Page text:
In a Lonely Place (1950)
Directed by Nicholas Ray
Humphrey Bogart never topped the character he played in this bleak noir, an alcoholic, vindictive writer who may or may not have murdered a girl he takes home one night. Ray’s direction consistently pulls focus onto the savage glint in the actor’s bared teeth and flop sweat, but the director also hones in on Bogie’s hangdog sadness. A subsequent, non-starter romance with Gloria Grahame presents a modernistic study of a doomed relationship between hollowed husks of people. At its heart is a single line of dialogue that could summarize all of noir: “I was born when she kissed me. I died when she left me. I lived a few weeks while she loved me.” Jake Cole (September 4, 6:30pm; September 7, 2pm at the Film Society of Lincoln Center’s Gloria Grahame series)
The dreamy soundscapes present on Widowspeak’s new record, All Yours, smack of the inescapable serenity of the Hudson Valley. The sounds bring to life rippling streams, weeds swaying in the wind among lazy stone-filled river banks and the faint glimmer of the Hudson during a dying sunset. (more…)
The oft spoken refrain about New York best serving childless young people is as true as the summer air is muggy, as a new report via the Economic Policy Institute could compel young New York families to skip town in favor of the radiant pastures of Toledo, Ohio. While the general outlay of living in New York is reflected constantly in what you hear, read and experience daily, the EPI’s report highlights the relative affordability of basically everywhere else in the country. (more…)
Have you ever met a loaf of bread you didn’t like? Well, we certainly haven’t at La Brea Bakery. On the road this summer for the “Breaking Bread Tour,” a multi-city sampling push, the famed Los Angeles Bakery is giving us hunger pangs just imagining those fresh baguettes, flatbreads and loaves. They’re currently trekking up and down the East Coast, with stops in food-loving cities like Boston, Philadelphia, DC and NYC, giving us lucky foodies a taste of their artisan breads along with plenty of inspired recipes. After all, there’s no disputing that bread is a vital component to any good meal. (more…)
Leah Hennessey, Ruby McCollister, and Emily Allan of “Zhe Zhe” All photos by Jane Bruce
There’s something going on in Brooklyn and you can’t quite put your finger on it. Is it the barbershops-slash-coffee shops? The gallery shows with mangled underwear stapled to the wall? The tour groups walking around Williamsburg? The corporate ad campaigns telling you to be unique? The serious workshops on how to curate your Instagram account? Everyone has been talking about gentrification, but no one has been talking about this, whatever it is, until now.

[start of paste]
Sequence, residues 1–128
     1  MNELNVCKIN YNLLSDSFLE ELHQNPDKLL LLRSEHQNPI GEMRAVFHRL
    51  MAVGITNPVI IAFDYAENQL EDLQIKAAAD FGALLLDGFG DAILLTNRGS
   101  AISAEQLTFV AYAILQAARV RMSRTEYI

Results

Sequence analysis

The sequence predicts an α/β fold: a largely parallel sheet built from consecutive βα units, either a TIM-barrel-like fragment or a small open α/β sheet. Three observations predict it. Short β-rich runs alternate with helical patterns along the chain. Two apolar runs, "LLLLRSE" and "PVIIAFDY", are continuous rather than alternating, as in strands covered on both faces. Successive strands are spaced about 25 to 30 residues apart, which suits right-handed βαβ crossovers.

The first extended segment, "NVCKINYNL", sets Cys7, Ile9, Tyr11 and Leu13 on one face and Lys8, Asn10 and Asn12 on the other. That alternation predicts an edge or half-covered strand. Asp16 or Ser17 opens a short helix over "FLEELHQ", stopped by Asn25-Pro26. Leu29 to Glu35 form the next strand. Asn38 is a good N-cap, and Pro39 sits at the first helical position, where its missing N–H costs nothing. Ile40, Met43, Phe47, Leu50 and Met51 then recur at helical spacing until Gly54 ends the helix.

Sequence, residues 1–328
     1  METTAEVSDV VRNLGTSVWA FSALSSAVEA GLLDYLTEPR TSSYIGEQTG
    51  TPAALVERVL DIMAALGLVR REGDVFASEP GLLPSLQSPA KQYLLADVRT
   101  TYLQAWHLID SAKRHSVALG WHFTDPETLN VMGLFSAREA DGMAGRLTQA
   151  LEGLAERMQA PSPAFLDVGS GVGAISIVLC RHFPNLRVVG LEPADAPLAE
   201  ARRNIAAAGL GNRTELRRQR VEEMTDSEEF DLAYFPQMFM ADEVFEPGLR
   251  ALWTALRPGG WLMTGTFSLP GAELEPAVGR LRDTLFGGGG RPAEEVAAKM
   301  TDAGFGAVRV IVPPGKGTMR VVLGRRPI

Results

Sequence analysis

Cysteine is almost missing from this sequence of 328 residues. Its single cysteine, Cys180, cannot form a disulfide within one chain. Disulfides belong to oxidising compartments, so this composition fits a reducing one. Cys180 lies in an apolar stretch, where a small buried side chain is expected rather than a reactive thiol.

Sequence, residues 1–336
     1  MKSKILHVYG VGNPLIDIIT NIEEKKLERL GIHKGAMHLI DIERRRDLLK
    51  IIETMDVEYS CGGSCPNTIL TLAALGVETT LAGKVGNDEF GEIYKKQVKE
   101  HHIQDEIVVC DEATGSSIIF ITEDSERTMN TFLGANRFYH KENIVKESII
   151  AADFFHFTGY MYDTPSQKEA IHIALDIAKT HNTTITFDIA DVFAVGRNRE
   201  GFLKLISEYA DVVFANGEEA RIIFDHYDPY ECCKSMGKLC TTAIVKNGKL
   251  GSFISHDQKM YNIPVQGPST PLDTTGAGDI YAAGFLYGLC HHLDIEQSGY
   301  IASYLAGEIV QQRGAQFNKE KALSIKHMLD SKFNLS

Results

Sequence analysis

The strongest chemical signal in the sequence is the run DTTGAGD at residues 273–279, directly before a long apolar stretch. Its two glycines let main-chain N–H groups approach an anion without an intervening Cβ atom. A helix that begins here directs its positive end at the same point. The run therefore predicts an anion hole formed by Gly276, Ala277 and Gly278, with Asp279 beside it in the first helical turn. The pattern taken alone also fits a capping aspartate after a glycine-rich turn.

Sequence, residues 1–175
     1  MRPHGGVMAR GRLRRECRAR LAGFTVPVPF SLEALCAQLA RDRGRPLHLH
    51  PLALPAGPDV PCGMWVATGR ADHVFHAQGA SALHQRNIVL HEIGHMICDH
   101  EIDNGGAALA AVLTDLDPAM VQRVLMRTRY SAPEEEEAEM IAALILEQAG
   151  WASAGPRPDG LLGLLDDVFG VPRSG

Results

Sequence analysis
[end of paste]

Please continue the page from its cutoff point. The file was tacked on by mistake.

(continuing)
Four native New Yorkers—Emily Allan, Leah Hennessey, E.J. O’Hara, and Max Lakner—and Hollywood transplant Ruby McCollister have started the conversation with Zhe Zhe, a sharp, satirical web series where nothing is sacred and for good reason: It’s about time someone said something.
The word “legendary” should be used sparingly, but Everett Quinton has earned it. As the lover and muse to Ridiculous Theatre founder Charles Ludlum, Quinton made over 75 appearances with the Ridiculous troupe, scoring particularly in The Mystery of Irma Vep, which became a signature production for him over the years. He carries that lineage in every deeply clownish move he makes, so that when he is on stage everything is alive with his theatricality or his “theatricality.” His style is meta, but if you look into those romantically woeful eyes of his, you can also see just how deadly serious Quinton is about what he does. You have to be deadly serious, and dedicated, to reach the level of comic craft that he has attained. (more…)
Brooklyn synth-pop act Small Black are prepping for a cross-country tour for its new album, Best Blues. Now, the band plays its lead single off the album, “Boys Life,” during our Brooklyn x Brooklyn live sessions at Braund Studios in Greenpoint. (more…)
Nissan’s NV200, or “Taxi of the Future,” is a slender vehicle that smacks of vast improvements when compared with the old, lumbering Crown Victoria cabs that have lined New York City streets for decades. It comes with passenger airbags, sliding doors, rear climate control and a dual intercom so passengers and drivers can communicate, but the convenient NV200 is coming at a mandatory cost for cab drivers, who are now required to purchase one of their own when they replace their current vehicles. (more…)